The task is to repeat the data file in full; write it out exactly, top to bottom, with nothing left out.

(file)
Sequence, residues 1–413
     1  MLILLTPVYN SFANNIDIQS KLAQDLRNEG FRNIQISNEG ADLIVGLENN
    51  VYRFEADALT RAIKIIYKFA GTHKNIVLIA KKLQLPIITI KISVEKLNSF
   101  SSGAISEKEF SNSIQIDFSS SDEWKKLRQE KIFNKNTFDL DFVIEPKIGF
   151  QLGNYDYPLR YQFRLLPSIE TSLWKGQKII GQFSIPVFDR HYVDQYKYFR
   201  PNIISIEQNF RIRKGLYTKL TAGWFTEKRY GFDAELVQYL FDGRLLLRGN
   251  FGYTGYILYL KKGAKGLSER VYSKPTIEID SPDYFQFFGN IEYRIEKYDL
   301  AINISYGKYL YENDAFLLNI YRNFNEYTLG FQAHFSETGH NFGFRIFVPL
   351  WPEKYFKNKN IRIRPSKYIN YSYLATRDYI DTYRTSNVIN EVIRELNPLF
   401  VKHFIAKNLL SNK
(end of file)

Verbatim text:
Sequence, residues 1–413
     1  MLILLTPVYN SFANNIDIQS KLAQDLRNEG FRNIQISNEG ADLIVGLENN
    51  VYRFEADALT RAIKIIYKFA GTHKNIVLIA KKLQLPIITI KISVEKLNSF
   101  SSGAISEKEF SNSIQIDFSS SDEWKKLRQE KIFNKNTFDL DFVIEPKIGF
   151  QLGNYDYPLR YQFRLLPSIE TSLWKGQKII GQFSIPVFDR HYVDQYKYFR
   201  PNIISIEQNF RIRKGLYTKL TAGWFTEKRY GFDAELVQYL FDGRLLLRGN
   251  FGYTGYILYL KKGAKGLSER VYSKPTIEID SPDYFQFFGN IEYRIEKYDL
   301  AINISYGKYL YENDAFLLNI YRNFNEYTLG FQAHFSETGH NFGFRIFVPL
   351  WPEKYFKNKN IRIRPSKYIN YSYLATRDYI DTYRTSNVIN EVIRELNPLF
   401  VKHFIAKNLL SNK